There is no secret for a good soil mix that is universally good for all herbs. Diverse herbs require different types of soils. For example Mediterranean herbs like thyme and oregano require completely different soil requirements when compared to mint and lavender.
✅ Best Miracle-Gro Potting Mix
Love this potting soil – Value for the money, this dirt was in good quality and it arrived early. I’ve seen that some people have said that they had gnats in it and if you have that problem just use cinnamon powder and sprinkle it on the top of the plant soil only it won’t hurt the plant at all and it kills the gnats
By the quality of soil, we mean the pH value, the ingredients and the texture of soil. You can feel the soil by examining the colour, the granularity and consistency of the soil.
Regarding soil types, peat mix and composts, you will find plenty of resources in library and internet. However; use your experience with the herbs while referring to the literature. Learning each herb’s needs is the key element in growing your herb garden successfully.
Marshy and wet earth is not good for herbs, avoid muddy soil that does not provide oxygen to the roots, the herbs need air and if they are left to rot in the wetness they may wither away. The absence of air in the soil will attract moss which is again not a great thing for growing herbs, you want to feed the nutrients to the herbs and not to the moss.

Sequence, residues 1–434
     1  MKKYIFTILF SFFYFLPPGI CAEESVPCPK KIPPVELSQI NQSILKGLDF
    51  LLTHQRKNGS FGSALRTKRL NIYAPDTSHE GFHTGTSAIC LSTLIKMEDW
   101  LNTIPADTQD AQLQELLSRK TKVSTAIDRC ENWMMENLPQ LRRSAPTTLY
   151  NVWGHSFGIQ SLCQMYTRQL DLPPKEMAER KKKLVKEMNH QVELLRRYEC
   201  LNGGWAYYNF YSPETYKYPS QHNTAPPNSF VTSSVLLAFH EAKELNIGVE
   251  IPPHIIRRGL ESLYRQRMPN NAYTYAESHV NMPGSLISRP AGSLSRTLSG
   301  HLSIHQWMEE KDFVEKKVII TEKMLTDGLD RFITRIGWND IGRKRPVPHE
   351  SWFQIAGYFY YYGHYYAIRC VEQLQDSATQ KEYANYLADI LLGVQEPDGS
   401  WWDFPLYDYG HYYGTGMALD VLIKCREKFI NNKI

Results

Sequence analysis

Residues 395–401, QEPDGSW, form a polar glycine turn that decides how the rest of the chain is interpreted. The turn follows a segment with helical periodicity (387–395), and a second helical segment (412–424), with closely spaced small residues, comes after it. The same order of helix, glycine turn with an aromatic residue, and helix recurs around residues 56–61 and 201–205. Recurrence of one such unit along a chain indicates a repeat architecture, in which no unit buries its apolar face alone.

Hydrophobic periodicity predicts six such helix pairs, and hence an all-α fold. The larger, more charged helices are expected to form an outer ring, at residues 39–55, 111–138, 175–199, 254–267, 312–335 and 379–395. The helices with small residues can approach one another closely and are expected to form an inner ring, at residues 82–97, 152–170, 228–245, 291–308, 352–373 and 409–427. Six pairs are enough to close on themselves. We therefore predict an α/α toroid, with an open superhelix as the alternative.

The dream of an herb gardener is to cultivate a soil that is enhanced and equipped to sustain herbs seasons after seasons. For this purpose, poor soil constituents deprived from essential nutrients will not give a good crop.
If you are growing herbs in containers, you really don’t need peat moss, natural compost with soil will work great. You should not overfeed manure and fertilizers to the soil, you can get outstanding results for the herbs that are grown in not too rich soil. Besides, adding grit and gravel does a good job for rosemary and oregano.
In fact, the Mediterranean herbs love this type of soil. Remember that Italian herbs do not like too wet soil, but chives and cilantro like to grow in moisture retentive soils. Mint spreads fast and grows well in a soil that can retain moisture too.
In general, herbs have a requirement for good draining and you need to make sure that there are no wet and soggy roots. Having said that, you also need to take care of the soil and make sure that the earth does not crack of scorching sun and heat.